mkdir ~/.local/share/gnome-shell/extensions/<uuid-string-found-in-metadata.json-file>/

After unzip the extension archive content into this folder, I used the following command to enable the the new extension,

gnome-shell-extension-tool -e <uuid-string-found-in-metadata.json-file>

the gnome-shell-extension-tool also allows you to reload an extension (-r) and disable it too (-d).

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    I don't see how this answers the question. The linked article states that it's author doesn't now a solution to this question other than logout/login. Not enough karma to downvote.
    – dreua
    Commented Jul 6, 2021 at 16:23
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    Read the question, not just the title! It answers the question of how to get newly installed extensions to reload and take effect. One way to do this is to restart Wayland, another is to reload the extension as explained in this answer.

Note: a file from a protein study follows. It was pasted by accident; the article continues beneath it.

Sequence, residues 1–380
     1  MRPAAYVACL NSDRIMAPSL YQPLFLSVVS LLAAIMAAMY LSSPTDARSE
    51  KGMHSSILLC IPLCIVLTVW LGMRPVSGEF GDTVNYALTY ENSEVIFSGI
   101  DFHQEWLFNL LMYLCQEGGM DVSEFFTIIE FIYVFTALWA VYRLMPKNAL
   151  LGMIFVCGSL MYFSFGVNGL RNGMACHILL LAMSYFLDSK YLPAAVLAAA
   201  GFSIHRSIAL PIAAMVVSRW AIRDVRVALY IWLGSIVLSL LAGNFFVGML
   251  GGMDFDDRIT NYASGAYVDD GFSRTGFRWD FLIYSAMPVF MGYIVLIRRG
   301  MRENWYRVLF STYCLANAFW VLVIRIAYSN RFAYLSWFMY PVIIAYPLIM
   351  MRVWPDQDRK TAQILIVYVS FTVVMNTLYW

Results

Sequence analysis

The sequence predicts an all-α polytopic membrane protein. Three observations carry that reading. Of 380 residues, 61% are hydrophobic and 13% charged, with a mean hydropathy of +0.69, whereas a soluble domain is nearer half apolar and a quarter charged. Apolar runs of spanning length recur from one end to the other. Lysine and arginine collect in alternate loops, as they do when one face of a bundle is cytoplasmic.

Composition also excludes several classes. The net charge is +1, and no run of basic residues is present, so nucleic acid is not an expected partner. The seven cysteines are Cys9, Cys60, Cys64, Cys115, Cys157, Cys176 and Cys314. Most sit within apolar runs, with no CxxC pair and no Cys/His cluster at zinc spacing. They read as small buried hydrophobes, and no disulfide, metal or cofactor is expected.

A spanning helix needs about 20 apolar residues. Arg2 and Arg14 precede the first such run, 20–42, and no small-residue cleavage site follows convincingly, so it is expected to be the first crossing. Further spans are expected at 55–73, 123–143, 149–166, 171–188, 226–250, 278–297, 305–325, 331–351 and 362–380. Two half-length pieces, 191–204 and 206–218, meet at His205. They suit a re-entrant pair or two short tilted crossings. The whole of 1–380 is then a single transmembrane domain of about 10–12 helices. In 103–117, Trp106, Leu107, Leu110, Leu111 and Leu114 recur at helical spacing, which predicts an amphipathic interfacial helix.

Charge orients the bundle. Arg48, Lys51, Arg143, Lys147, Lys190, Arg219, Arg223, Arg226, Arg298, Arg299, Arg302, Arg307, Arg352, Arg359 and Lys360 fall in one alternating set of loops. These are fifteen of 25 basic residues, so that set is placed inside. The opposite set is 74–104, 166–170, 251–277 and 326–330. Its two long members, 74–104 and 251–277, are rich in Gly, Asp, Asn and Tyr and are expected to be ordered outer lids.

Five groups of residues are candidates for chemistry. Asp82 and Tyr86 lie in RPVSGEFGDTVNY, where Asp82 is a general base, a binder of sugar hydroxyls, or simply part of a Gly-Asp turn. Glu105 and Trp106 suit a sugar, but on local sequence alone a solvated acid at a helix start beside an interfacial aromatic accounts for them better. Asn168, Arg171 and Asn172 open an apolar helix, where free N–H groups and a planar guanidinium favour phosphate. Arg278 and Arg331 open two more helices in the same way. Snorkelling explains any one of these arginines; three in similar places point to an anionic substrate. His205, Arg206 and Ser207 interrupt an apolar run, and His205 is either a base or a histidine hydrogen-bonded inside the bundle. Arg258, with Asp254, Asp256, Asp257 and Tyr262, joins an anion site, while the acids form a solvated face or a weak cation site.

– Aurovrata
    Commented Jul 7, 2021 at 13:21
  • Huh if -r actually works that would be great, thanks
    – dreua
    Commented Jul 8, 2021 at 14:55
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    Reloading doesn't work on recent versions. Tried this on Fedora 34, got the following message: .. > Reloading extensions does not work correctly and is no longer supported
    – Gareve
    Commented Dec 2, 2021 at 19:01
  • I confirm, current running Gnome 3.38 and getting the same msg
    – Aurovrata
    Commented Dec 6, 2021 at 11:37